6. GNU Taler NFC Guide

This guide explains how NFC (near-field communication) is used in the GNU Taler payment system.

6.1. Introduction

NFC is currently used for two different purposes:

  1. Operations in the wallet (payment, withdrawal, …) can be triggered by a merchant PoS (Point-of-Sale) terminal or Taler-capable ATM.
  2. When either the wallet or the merchant do not have Internet connectivity, the protocol messages to the exchange or merchant backend service can be tunneled via NFC through the party that has Internet connectivity.

6.2. Background: Payment Processing with GNU Taler

The following steps show a simple payment process with GNU Taler. Examples are written in Bash syntax, using curl to make HTTP(S) requests. They make use of the POST [/instances/$INSTANCE]/private/orders and GET [/instances/$INSTANCE]/private/orders endpoints.

  1. The merchant creates an order, which contains the details of the payment and the product/service that the customer will receive. An order is identified by an alphanumeric order ID.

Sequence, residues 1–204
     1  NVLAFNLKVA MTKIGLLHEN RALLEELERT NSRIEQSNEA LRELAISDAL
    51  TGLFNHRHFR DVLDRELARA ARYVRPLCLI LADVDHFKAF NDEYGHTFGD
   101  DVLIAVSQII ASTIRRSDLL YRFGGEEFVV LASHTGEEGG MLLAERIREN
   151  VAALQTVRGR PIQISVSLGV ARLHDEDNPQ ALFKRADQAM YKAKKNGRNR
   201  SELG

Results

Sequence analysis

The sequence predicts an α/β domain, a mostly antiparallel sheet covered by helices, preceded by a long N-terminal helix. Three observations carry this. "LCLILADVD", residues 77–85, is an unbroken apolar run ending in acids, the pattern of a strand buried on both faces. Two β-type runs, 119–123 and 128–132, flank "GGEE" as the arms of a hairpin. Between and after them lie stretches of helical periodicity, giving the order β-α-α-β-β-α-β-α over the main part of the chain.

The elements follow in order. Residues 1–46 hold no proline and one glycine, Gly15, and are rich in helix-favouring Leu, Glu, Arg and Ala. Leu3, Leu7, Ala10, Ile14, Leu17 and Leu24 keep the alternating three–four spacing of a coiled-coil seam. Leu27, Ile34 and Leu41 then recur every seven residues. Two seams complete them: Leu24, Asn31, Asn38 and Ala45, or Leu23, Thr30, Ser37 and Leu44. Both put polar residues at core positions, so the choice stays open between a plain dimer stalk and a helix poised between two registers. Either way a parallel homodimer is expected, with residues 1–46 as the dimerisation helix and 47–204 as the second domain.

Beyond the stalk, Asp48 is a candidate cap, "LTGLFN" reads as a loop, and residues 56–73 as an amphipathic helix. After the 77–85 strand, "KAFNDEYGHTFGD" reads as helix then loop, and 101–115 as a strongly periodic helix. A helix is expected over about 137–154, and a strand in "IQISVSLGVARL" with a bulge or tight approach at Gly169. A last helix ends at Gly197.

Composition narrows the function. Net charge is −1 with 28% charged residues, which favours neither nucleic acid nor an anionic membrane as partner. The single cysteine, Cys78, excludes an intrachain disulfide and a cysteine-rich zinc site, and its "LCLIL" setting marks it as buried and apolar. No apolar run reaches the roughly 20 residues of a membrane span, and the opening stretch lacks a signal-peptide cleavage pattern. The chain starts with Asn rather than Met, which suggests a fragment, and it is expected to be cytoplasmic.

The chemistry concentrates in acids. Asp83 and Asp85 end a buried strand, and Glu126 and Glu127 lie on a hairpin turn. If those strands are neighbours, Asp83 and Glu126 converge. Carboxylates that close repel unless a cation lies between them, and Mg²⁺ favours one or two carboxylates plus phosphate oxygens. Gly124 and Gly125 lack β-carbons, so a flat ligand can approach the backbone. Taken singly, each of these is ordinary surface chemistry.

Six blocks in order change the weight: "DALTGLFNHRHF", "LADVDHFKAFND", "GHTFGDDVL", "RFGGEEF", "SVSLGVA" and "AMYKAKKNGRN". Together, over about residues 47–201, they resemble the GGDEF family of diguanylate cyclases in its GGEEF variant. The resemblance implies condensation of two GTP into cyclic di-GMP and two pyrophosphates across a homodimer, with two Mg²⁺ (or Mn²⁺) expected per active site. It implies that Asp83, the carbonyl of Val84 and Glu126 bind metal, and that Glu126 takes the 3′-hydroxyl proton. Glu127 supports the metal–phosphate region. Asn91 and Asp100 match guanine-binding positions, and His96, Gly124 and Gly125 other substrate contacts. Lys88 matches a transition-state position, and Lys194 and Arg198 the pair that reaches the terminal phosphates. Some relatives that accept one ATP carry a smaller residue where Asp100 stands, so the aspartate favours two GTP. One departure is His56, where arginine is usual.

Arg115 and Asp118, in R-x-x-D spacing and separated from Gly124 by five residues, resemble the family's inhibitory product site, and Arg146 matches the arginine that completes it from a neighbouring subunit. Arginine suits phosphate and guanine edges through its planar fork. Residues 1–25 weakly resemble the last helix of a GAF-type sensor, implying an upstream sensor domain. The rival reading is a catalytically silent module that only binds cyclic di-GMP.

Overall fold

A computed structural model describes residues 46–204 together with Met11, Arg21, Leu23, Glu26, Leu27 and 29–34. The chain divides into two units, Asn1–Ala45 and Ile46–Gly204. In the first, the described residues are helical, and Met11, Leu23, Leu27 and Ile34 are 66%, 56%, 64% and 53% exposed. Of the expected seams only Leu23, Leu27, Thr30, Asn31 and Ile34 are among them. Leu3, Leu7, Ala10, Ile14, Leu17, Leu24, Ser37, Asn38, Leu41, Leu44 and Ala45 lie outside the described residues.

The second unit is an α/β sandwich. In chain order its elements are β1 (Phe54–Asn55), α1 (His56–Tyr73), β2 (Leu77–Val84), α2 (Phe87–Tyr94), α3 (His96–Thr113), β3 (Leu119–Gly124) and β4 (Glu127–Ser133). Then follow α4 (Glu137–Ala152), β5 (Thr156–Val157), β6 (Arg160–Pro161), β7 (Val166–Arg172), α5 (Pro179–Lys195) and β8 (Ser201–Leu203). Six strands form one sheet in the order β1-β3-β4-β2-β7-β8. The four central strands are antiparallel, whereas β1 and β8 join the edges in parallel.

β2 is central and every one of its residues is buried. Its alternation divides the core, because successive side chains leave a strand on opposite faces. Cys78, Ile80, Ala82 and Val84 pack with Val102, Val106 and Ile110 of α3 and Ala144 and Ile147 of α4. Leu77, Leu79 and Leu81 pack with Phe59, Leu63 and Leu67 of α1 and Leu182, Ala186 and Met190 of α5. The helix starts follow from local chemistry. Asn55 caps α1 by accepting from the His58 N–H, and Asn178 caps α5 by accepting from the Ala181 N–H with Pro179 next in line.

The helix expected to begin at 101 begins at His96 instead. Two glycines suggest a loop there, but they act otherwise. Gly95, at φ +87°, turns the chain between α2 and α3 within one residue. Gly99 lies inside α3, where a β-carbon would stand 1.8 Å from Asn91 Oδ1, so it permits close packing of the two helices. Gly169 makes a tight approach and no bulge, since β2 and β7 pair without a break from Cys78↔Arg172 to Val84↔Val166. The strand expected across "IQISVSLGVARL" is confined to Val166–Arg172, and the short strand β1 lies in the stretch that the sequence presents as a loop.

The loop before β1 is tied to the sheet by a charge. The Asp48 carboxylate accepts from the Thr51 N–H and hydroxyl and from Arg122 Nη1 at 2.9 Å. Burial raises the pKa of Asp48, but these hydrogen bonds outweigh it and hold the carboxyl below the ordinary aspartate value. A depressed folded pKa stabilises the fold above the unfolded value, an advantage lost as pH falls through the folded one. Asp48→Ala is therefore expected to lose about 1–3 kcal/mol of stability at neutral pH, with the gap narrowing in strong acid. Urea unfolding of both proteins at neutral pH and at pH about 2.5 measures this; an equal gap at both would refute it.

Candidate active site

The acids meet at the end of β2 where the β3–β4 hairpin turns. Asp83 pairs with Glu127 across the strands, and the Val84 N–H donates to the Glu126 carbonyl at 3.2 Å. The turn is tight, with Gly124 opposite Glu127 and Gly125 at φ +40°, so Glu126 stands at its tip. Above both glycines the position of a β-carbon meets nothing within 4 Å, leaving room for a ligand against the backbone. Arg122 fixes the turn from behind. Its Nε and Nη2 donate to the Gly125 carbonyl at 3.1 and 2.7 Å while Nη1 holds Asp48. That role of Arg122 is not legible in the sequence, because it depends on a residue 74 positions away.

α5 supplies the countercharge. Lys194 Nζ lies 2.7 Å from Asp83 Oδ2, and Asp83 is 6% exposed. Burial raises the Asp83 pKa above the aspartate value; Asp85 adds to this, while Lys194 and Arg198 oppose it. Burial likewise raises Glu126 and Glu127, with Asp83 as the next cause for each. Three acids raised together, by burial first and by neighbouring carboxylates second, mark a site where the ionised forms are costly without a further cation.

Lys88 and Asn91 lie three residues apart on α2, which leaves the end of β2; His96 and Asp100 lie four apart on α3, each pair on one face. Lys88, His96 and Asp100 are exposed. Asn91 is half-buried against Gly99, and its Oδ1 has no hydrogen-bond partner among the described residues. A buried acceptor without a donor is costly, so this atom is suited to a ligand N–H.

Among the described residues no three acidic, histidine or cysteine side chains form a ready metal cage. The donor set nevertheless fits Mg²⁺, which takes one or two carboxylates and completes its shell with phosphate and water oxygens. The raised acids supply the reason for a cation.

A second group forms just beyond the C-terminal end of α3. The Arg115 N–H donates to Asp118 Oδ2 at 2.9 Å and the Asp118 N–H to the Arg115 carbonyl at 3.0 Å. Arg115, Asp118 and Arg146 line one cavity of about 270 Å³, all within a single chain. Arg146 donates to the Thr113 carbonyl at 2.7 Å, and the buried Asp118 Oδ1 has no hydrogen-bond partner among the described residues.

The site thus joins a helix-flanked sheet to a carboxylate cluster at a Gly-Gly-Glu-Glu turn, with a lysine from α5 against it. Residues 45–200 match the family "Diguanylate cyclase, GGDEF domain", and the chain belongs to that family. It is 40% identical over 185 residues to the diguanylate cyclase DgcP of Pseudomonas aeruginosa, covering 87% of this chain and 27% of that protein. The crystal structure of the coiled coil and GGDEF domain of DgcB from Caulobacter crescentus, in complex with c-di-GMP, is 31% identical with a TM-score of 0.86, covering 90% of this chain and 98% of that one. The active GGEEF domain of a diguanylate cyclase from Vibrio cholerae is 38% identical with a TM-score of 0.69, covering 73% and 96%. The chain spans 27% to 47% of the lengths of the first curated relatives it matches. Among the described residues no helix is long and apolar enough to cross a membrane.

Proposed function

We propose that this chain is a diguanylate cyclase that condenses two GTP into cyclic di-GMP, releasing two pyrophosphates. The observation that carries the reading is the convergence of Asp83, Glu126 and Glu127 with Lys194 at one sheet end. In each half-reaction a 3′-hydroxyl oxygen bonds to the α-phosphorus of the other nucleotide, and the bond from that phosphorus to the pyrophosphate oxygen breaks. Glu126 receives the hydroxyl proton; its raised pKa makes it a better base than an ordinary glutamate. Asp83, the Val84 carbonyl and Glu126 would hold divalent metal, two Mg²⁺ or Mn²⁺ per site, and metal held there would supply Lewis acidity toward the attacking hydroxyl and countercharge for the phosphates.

The fulfillment URL is an URL that the wallet will redirect the customer to once the payment is complete. For digital products, this is typically an https(s):// URL that renders the purchased content. For physical products and in-store purchases, a taler://fulfillment-success/<message> URL should be specified instead. The wallet will display the URL-encoded UTF-8 text <message> when the payment has succeeded.


    When an http(s):// URL is used as the fulfillment URL in an in-store / NFC payment, the user might not be able to view the page, as request tunneling only works for requests made by the wallet to the merchant backend / exchange.